Thursday, June 26, 2008

Step Two: 4. "When we forget God, He remembers us." L.M. Montgomery/aamuses

For almost ten years I turned my back on the Church. I denied my faith, but, if I am ashamed of one thing more than all others, it is the hate I held in my heart toward God for taking Danijela and my babies from me.

I was raised a Catholic in a country where religion plays a very large part in our lives. I  remember as a child going to Church with my Mother and being mesmerized by the music, and I sometimes think if I hadn't become a doctor, she would have wished either my brother or I had become a Priest. It didn't happen for either of us, but, our faith still played a large part in our lives. It was as natural a part of who I was as breathing or eating, and if someone had told me I would ever think differently, I would have called them crazy.

When I met Danijela, it was a surprise to no one to find that she too was Catholic, and as we discussed our future, there was no doubt that our children would be baptized and raised as Catholics as well.  I don't know that either of us thought about how much our faith meant to us, or even influenced our lives until the war began, and then we found ourselves calling on it for strength far too often.

On the day our apartment building was hit, I prayed more then I had prayed at any time in my life.  God had already taken my baby boy from me, I'd seen him the moment I'd entered the ruins but, he could still save my little girl, he could still save my beautiful Danijela. For hours I did CPR on Jasna, knowing that if I stopped I'd lose her as I'd already lost little Marko, too late I realized that my wife was bleeding out, and when exhaustion finally forced me to stop, she was gone too.  Why had God deserted us? What terrible things could my family have done to cause him to desert them when they needed him so desperately? 

I buried my family on a cold November morning.  There was no one there but the Priest and myself, and on that day I swore I would never again set foot in a church.  If he cared so little for us then I wanted nothing more to do with him either.  Feelings of hate began replacing my faith, and if I prayed for anything in those final days before I realized the futility of it, it was only that he would find some way to claim my life so I could once more be with my family.

It neverhappened though, and for over nine years I wandered lost, and alone.  In those years I turned my back on everything that reminded me of those I had lost, everything that made me feel anything but my anger. I survived that way for nine years and I'd almost convinced myself that I had succeeded until that day I met Bishop Stewart, and somehow he found a way to see inside me.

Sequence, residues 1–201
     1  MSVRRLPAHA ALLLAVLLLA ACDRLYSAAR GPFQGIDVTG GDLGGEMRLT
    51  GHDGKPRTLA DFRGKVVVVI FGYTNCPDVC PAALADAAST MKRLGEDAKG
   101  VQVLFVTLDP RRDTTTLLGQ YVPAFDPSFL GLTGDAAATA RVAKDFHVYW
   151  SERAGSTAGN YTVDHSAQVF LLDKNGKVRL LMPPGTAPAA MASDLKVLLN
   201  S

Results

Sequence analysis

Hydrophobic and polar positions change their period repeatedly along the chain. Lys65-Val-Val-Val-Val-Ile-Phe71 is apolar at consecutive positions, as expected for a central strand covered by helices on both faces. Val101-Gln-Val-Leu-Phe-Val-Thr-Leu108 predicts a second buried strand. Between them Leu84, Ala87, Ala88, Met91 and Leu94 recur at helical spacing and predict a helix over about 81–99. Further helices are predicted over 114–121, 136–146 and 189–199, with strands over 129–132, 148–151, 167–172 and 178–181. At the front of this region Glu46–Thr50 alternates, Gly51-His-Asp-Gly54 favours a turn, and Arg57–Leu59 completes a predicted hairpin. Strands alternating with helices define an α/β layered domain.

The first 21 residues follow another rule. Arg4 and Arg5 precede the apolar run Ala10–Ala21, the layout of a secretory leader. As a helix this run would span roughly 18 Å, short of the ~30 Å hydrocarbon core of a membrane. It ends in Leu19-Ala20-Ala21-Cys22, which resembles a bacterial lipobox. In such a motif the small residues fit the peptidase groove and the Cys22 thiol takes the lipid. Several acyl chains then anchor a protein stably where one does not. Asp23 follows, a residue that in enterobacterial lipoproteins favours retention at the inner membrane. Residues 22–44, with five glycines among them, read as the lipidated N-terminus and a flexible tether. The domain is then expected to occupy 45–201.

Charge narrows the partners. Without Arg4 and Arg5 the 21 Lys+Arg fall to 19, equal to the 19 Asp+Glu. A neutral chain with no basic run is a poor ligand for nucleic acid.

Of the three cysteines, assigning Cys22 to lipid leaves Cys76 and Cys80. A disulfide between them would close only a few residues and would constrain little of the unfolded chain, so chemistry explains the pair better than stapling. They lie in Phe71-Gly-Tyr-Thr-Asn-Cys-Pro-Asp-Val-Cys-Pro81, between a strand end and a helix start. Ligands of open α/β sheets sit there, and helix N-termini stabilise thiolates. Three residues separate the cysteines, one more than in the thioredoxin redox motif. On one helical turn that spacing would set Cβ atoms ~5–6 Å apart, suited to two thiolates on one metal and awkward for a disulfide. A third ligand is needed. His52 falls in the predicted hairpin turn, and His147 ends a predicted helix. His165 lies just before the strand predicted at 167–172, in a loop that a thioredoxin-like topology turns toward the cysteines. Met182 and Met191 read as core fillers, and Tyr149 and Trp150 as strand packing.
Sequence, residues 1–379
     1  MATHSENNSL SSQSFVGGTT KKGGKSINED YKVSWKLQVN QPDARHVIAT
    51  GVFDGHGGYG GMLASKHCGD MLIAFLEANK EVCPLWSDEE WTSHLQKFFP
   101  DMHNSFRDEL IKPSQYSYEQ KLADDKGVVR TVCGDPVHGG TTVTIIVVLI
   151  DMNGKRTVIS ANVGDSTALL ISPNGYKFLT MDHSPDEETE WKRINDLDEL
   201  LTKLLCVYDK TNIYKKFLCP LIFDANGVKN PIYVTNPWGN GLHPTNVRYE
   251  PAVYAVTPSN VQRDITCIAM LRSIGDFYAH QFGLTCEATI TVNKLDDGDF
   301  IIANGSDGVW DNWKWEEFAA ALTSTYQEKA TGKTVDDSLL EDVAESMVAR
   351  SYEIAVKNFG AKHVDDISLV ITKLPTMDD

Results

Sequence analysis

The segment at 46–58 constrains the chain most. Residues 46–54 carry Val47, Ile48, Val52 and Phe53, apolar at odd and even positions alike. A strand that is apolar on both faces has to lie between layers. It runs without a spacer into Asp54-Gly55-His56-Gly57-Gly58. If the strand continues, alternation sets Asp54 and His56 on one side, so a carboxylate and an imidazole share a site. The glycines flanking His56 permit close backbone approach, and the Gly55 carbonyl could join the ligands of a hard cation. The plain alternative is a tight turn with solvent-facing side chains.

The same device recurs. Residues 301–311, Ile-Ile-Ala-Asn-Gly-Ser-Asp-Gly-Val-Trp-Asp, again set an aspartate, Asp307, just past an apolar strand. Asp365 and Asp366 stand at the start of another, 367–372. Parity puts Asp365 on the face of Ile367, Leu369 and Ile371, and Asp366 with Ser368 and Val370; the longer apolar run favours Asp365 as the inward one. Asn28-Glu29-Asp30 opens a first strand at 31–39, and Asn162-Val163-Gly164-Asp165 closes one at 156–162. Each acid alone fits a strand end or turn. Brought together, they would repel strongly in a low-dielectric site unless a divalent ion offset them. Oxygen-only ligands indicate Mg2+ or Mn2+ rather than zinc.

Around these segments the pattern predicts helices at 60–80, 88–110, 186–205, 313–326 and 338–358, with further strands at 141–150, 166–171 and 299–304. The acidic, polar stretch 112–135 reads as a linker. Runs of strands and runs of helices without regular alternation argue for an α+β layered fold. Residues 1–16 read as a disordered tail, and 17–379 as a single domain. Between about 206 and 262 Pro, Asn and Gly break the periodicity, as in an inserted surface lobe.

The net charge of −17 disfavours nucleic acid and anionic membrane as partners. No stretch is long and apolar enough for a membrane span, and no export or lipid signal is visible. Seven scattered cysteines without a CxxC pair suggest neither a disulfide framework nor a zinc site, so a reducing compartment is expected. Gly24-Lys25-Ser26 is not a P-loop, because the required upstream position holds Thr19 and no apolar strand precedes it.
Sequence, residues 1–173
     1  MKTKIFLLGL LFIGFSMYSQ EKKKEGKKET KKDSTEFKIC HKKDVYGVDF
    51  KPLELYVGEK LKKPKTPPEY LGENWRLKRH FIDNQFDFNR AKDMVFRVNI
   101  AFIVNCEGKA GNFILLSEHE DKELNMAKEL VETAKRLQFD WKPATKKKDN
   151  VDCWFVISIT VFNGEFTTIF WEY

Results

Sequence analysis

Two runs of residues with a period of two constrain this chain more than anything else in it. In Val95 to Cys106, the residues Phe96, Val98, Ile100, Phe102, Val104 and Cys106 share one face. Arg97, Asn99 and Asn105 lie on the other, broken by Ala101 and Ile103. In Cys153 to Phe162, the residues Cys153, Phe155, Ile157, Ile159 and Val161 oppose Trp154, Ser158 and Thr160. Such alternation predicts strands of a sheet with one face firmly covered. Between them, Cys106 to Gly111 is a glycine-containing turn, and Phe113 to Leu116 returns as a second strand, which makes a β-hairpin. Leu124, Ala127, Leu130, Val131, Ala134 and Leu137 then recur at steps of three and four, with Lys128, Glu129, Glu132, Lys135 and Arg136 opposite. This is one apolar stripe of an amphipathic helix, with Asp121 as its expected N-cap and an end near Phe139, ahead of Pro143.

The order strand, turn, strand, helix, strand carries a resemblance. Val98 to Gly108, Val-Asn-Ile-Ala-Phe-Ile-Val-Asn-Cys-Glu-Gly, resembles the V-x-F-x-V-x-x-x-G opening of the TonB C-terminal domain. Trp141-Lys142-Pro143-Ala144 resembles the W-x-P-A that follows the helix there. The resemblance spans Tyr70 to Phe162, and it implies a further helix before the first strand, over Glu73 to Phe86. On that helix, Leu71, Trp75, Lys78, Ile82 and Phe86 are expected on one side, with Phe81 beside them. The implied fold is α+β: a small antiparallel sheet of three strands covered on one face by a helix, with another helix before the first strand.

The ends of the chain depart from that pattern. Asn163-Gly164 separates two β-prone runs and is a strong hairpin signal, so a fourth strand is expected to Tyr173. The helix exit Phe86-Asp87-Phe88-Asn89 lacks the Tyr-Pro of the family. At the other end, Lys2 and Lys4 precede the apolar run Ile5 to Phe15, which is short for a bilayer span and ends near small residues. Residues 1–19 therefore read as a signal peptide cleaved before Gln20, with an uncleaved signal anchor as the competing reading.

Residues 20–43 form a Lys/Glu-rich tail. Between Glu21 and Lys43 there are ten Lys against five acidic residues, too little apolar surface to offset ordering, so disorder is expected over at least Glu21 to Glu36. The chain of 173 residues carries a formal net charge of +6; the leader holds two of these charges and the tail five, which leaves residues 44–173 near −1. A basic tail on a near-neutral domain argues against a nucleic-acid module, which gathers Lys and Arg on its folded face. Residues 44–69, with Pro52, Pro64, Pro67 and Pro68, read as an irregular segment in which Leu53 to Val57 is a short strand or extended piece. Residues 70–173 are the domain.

Some would say God sent Bishop Stewart to me, the Bishop himself felt it was his calling to take the pain I had carried inside me for so long with him as he moved on. I'll never know how he knew all he did about me, how he saw what I thought I concealed so well, but, in time he opened the door I had closed so long ago.  On the day he offered to hear my confession, I admit to being afraid, I'd told no one all I had gone through that day.  I'd kept that nightmare for my own, and now, he was asking me to turn it over to him and the man I had held responsible, and I did.

How do I describe the feelings I felt when it was over?  Relief, sadness, loss, they were all there, all but the one I had held so tightly for those nine years, the blame was gone.  Finally I saw things through his eyes, the hopelessness of it all, there was no way I would ever have been able to choose one over the other so all he could do was take them both. It's my destiny to live so that their memories stay alive, and that too was a piece of the puzzle I'd failed to remember.  More importantly, I was meant to live for those who were still to come, for Joe, for the life I would one day have with he and Abby, God knew that even as I was grieving for my first family.

I'm reclaiming my faith now, slowly, small pieces at a time, and while it may not work for Abby, it's a part of who I am, who my family was, that I want to share with my son.  We baptized Joe when he was still in the NICU, one day I'll explain all that to him. I'll share other parts of the Church with him as well, and as my Mother did with me, we'll go to Mass, and maybe, just maybe, he'll enjoy the music as I did, and within it, he'll find his faith, and know about the special angels that I'm sure are watching over him. 

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